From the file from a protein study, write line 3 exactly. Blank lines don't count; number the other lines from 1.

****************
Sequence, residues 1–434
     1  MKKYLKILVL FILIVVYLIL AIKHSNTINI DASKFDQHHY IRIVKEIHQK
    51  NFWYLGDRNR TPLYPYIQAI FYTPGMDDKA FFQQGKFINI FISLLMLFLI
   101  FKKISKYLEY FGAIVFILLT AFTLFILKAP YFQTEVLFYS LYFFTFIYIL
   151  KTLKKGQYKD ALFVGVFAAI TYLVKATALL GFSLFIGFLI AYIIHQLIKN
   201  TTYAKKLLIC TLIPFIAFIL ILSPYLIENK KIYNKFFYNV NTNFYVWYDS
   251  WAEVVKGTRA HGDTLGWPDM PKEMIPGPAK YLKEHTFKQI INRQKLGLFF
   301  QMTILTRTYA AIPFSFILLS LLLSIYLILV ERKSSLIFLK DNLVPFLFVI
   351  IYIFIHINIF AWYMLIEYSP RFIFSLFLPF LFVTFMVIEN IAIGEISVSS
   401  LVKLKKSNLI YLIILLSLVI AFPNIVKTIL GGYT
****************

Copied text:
    51  NFWYLGDRNR TPLYPYIQAI FYTPGMDDKA FFQQGKFINI FISLLMLFLI